Reigner’s Words

Reigner loved to eat alimasag. It was one of his favorite things about living in Baltimore. His parents raised him on a diet full of rice and adobo, but also enjoyed local favorites like these pink shellfish with big claws. They always ate it with Baltimore’s favorite Old Bay seasoning.

Some days before he left for school, Reigner would ask, “Can we eat alimasag tonight?” His parents smiled and often said yes. They wanted him to be as much a Baltimorean as he was Filipino.

So Reigner was ready when his teacher, Mr. Hawkins, asked students to name their favorite animal. “Tell me what it is,” Mr. Hawkins said, “and in the next few days you will make a presentation about it.”

Reigner knew exactly which animal he would choose.

As students picked, Mr. Hawkins wrote their choices on the board: cow, octopus, giraffe, lion. No one had chosen Reigner’s animal yet!

“Reigner? What animal do you choose?” Mr. Hawkins asked.

“The alimasag!”

“I’m sorry, what?”

A few of Reigner’s classmates giggled.

“The… alimasag.” Reigner made pinching motions with two fingers. “Like this?”

A boy sitting behind Reigner laughed loudly. “What is that?” he asked, pinching his fingers like Reigner.

Now the rest of the class laughed. Reigner, embarrassed, sank into his chair.

Mr. Hawkins blinked a few times. “Oh…a crab?”

Reigner quietly nodded.

Mr. Hawkins wrote ‘crab’ on the board. “Shh, settle down, everyone. That was just another way to say ‘crab.’ Right, Reigner?”

“I guess so,” he answered, quietly.

The rest of the class went on to name their favorite animals, but Reigner felt too embarrassed to pay attention. He waited for recess and instantly ran outside. He wanted to be alone.

Reigner thought about what had happened. His parents sometimes spoke to him in the Filipino language of Tagalog. That meant they might use different words than other people did. For example, Mr. Hawkins said “dog” while his mom said “aso.” He said “bathroom” but his dad said “banyo.” And, Reigner realized, when his parents said “alimasag,” other people said “crab.”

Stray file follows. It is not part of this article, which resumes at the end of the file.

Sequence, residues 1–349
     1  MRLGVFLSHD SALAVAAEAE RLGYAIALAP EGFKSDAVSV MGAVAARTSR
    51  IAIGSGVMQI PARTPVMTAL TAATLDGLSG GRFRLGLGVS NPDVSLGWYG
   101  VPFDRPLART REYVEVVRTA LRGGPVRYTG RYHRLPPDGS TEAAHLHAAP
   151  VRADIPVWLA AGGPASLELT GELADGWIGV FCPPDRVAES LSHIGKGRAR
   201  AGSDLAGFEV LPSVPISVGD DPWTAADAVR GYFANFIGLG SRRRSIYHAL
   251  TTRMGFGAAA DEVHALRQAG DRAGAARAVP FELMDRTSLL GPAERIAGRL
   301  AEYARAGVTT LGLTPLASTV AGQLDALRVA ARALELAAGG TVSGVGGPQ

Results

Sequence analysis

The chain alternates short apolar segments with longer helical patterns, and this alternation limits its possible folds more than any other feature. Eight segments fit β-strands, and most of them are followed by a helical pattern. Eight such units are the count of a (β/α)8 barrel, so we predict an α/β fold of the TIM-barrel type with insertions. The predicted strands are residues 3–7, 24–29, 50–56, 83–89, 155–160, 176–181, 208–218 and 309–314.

Now Reigner climbed to the top of the jungle gym. He watched his classmates. Two of them pinched their fingers together and their friends laughed. Reigner wanted to hide.

Suddenly, a dog sprinted onto the playground. The dog was acting wild, barking loudly, even tripping a boy as it ran between his legs.

“Stop! Stop!” kids shouted. Mr. Hawkins tried to chase the dog but it was too fast. The pooch wasn’t listening to anyone.

Reigner climbed down to the ground. The dog started running toward him. He held up a hand and called out, “Tigil!”

Startling everyone, the dog stopped. Even Reigner looked surprised. Then he pointed down and said, “Umupo.” The dog sat! “Good aso,” Reigner said, scratching the dog behind its ears. The dog calmed down.

“Wow!” said a girl nearby. “How did you do that?”

A moment later a woman ran onto the playground, an empty leash in her hands. Out of breath, she hurried over to Reigner. “I’m so sorry, this is my dog,” she said. Then she clipped the leash back onto his collar. “Praning, you can’t do that…”

“I told him to tigil and he did,” Reigner told her.

“Well, that’s because I trained him in Tagalog!” the woman replied. “Thank you for helping Praning. I don’t know what I would have done if you weren’t here.”

After the lady apologized to Mr. Hawkins and left with her dog, some of Reigner’s classmates ran over to him.

“How did you do that? !”

“Can you teach me?”

“That was awesome!”

Reigner was embarrassed, but in a good way now. A couple of kids began pinching their fingers. “Tell us about the alimasag!” they shouted.

Soon, everyone was pinching fingers together like Reigner. He pinched his together too, happily laughing with his classmates.